> > only there in case I goof when I edit the entries I normally boot
> > from. This configuration also makes it easy to use a supergrub disc
> > in the event that my normal boot partition gets corrupted as each
> > installed Linux has it's own boot loader so all I'd need to tell
> > supergrub is to boot the appropriate partition...
> I would completely remove the chainloaders.
> Make one /boot parition for every distro, but only install one
> bootloader from your main distro into the MBR. Don't let the other
> distros install a bootloader and just configure the one bootloader to
> boot the other distros, too. That's the easiest way which should always
> work.

Yeah, if I wanted any distro to have control over the booting of the
others. I let each distro maintain it's own (root partition based) grub
installation so that I can simply (and easily) see what they think is the
best way to boot their Linux. Sometimes they auto detect the other Linux.
and sometimes the grub entries they add for the other Linux even work.
But I like to keep control over the primary boot loader that I like to be
able to chain load their boot loaders in case I want to confirm that some
issue I'm having with one isn't a goof in my menu.lst configuration. 
Also,this way I don't need to bother maintaining
fallback/recovery/nurse/etc... entries, If I need them I just use the ones
their package manager installed to their chainloaded bootloader...
> Btw., if you let every distro install a bootloader into the MBR, the
> previously installed one will be overwritten. There won't be two
> different bootloaders in the MBR.

It's been a long time since I had to set up my /boot partition. I'm not
even sure which distro I used to do so. But basically I started with all the
distro's using the /boot of their root partition, and all but one
configured to install it to the first superblock of that partition.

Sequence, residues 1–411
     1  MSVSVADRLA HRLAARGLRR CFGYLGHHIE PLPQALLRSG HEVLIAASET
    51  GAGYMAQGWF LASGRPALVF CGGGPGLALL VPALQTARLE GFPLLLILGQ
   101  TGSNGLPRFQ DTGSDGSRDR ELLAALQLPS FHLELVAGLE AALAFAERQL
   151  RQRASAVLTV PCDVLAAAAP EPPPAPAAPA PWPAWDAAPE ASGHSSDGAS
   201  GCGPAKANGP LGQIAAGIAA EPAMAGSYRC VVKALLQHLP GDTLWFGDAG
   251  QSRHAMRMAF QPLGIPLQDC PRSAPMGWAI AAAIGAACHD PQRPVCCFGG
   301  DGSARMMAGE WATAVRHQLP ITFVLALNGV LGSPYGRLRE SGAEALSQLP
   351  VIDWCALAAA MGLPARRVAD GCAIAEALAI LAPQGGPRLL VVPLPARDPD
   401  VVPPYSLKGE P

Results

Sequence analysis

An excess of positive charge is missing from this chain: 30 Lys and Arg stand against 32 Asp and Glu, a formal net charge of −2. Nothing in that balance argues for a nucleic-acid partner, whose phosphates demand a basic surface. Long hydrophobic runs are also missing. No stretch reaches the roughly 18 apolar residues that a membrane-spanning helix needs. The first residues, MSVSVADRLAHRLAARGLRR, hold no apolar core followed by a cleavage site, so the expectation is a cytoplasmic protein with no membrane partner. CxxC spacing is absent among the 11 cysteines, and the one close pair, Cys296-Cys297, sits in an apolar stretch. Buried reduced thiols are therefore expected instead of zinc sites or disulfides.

Then I tweaked the one I let install to the mbr until I was happy with how
it worked for all the distros... Then I mounted the intended /boot
partition on /mnt. Next I did: "cd /mnt" then a: "ln -s . boot, and copied
everything from /boot to /mnt, edited the /mnt/grub/menu.lst so that where
there were lines that said things like:

root (hd0,6) 

it now said:

root (hd0,1)
next I unmounted the intended /boot from /mnt and mounted it on top of
/boot and reinstalled grub to the MBR. after which I unmounted it which
exposed the original contents of /boot, and reinstalled that one to the
superblock. From them on I had a seemingly stand alone /boot partition that
none of my Linux mess with even when there is a kernel upgrade, And all of
my Linux have their own functional bootloader installed to their
superblocks... I'm not sure, But I think that I might have to redo this if
I should ever uninstall whichever Distro it was I used to do this. But
other than that it seams to work great...

> Depending on what you are doing with your multi-boot system, you
> probably should consider using virtualization.

Then what happens if I hose the system hosting the others???

My, time flies... Gotta go. SeeYa

|   ~^~   ~^~
|   <*>   <*>       Joe (theWordy) Philbrook
|       ^                J(tWdy)P
|     \___/         <<jtwdyp at ttlc.net>>